Eurogroup President Jean-Claude Juncker said in an interview over the weekend that the austerity measures being imposed on Greece in exchange for additional bail-out funding from the IMF will result in “the sovereignty of Greece [being] massively limited. ” He added, “One cannot be allowed to insult the Greeks. But one has to help them. They have said they are ready to accept expertise from the euro zone.”

Although the average Greek citizen has no interest whatsoever in such austerity measures being imposed on him by outsiders (recent polls show 80 percent opposed), the socialist-controlled parliament, headed by President George Papandreou of the Panhellenic Socialist Movement, has agreed to accept such intervention in order to obtain funds sufficient for the country to avoid default, at least for the time being. Those measures include higher taxes and much tighter enforcement of tax collection measures, as well as selling off major publicly owned properties in order to raise $8 billion by the end of the year.

Unwilling to be intimidated by the often-violent mass protests of radicals, Greek lawmakers passed yesterday the second and final austerity bill that was essential in order for the country to receive crucial bailout funds to prevent the government from defaulting by mid-July.

The second austerity measure passed the Greek Parliament by a vote of 155 to 136, just one day after the main austerity bill was approved. During the vote yesterday, rioters clashed with police just outside Parliament.

The June 20th report of the International Monetary Fund (IMF) to the United States strongly recommended that the debt ceiling be raised because “if the debt ceiling is not raised soon…[it] would have significant global repercussions, given the central role of U. S. Treasury bonds in world markets. ” In announcing the report, John Lipsky, acting managing director for the IMF, said:

We’re confident that the participants are well aware of the potential risks of a debt default in the U. S. and will avoid those dangers. It should be self-evident [that] a debt default by the U. S. government debt market would have very serious, far-reaching, dramatic repercussions and that’s why we’re confident that it will be avoided.

JBS CEO Art Thompson's topics this week: Two Banking Reg’s Make a Wrong; and Use of phony reaction to Iran — Iran is already an ally of Iraq, Afghanistan and Pakistan.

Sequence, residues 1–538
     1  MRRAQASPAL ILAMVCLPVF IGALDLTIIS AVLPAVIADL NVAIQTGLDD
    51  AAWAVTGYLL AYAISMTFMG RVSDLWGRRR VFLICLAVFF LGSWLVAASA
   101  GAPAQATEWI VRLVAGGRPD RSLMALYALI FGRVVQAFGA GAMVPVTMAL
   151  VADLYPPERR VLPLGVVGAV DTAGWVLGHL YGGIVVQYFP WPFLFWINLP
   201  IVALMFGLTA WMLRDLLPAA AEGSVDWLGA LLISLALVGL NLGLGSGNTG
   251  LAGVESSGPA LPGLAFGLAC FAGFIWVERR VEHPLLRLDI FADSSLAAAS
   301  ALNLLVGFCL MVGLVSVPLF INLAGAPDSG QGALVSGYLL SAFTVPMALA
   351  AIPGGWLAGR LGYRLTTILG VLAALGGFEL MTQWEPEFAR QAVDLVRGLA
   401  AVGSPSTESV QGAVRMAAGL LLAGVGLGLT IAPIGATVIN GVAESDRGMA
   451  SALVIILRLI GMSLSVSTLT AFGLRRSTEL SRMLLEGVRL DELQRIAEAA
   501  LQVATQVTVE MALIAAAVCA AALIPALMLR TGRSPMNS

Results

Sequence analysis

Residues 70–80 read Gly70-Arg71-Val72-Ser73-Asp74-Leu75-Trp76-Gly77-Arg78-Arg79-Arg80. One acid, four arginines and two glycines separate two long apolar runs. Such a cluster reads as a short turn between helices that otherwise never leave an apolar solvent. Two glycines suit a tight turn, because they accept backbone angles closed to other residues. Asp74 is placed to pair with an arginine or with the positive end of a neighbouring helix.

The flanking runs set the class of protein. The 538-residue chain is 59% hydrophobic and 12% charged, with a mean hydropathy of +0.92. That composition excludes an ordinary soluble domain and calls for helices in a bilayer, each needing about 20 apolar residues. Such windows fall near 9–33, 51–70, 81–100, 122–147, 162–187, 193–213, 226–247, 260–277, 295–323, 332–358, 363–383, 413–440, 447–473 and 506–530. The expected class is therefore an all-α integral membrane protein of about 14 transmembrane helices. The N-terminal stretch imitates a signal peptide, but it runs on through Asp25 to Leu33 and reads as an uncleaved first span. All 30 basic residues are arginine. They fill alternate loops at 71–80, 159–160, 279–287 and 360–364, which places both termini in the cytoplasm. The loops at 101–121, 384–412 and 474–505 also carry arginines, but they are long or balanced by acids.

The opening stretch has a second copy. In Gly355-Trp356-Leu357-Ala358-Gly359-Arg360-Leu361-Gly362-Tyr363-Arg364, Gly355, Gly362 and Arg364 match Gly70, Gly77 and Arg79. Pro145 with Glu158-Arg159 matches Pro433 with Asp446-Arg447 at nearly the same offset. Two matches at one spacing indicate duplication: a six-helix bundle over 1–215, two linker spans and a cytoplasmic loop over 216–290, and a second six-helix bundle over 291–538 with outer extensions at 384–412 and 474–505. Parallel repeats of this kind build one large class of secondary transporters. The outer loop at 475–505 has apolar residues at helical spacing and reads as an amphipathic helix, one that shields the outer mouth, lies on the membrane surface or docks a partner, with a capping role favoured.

The economic projections released by the Federal Reserve on Wednesday estimated that in less than two years the unemployment rate would be down to 7 to 7 ½  percent, with the economy growing at an inflation-adjusted rate of nearly 4 percent. And in the next three to five years, the unemployment rate would likely be back to normal: between 5.2 and 5.6 percent.

This is wishful thinking. Okun’s Law (or rule of thumb) says that it’s going to take inflation-adjusted growth in the economy of at least 3 percent to make any dent at all in the unemployment rate. And even if GDP does grow at 4 percent, as the Fed projects, unemployment will likely drop by less than one half of one percent, or still well above 8 percent. Not only does that not bode well for President Obama’s reelection chances (no President since FDR has been elected to a second term when unemployment has been over 7.2 percent), it’s also bad news for those who continue their job search in a flat economy.

After witnessing the massive economic crisis swamping the European Union and euro-zone countries in particular, the Union of South American Nations (UNASUR or UNASUL) has slowed plans to create its own continental central bank and regional currency.

“When we started UNASUR the idea was to create a single central bank and a single currency, but the experiences of Europe led us to park the initiative,” explained Rafael Follonier, the Argentine representative to UNASUR. “In the European Union the single currency is a corset preventing members from leaving.”

Britain's leading financial newspaper, the London Financial Times, now believes that the U.S. economy may be headed toward a Japanese-style "Lost Decade."

On March 15, Congressman Ron Paul (R-Texas) introduced and sponsored bill H.R. 1094 — the Federal Reserve Board Abolition Act, which calls for the complete abolition of the Federal Reserve System and the Federal Reserve banks, and for the repeal of the Federal Reserve Act of 1913.

Congressman Ron Paul (R-Texas) is once again fighting for real transparency regarding the Federal Reserve.

Unbeknown to many Americans is the fact that the Federal Reserve is not by any means "federal." Concocted in secrecy by bankers at Jekyll Island, sponsored by Senator Nelson Aldrich (R-R.I.), the maternal grandfather of New York Governor Nelson Rockefeller, covertly passed by Congress a few days before Christmas 1913 when many Senators had already left town, and signed into law by President Woodrow Wilson, the Federal Reserve Act of 1913 established the nation's privately-owned 'lender of last resort' bank resulting in the central planning of monetary policy and the devaluation of the dollar by more than 90 percent — a result of Fed-created inflation.

JBS Facebook JBS Twitter JBS YouTube JBS RSS Feed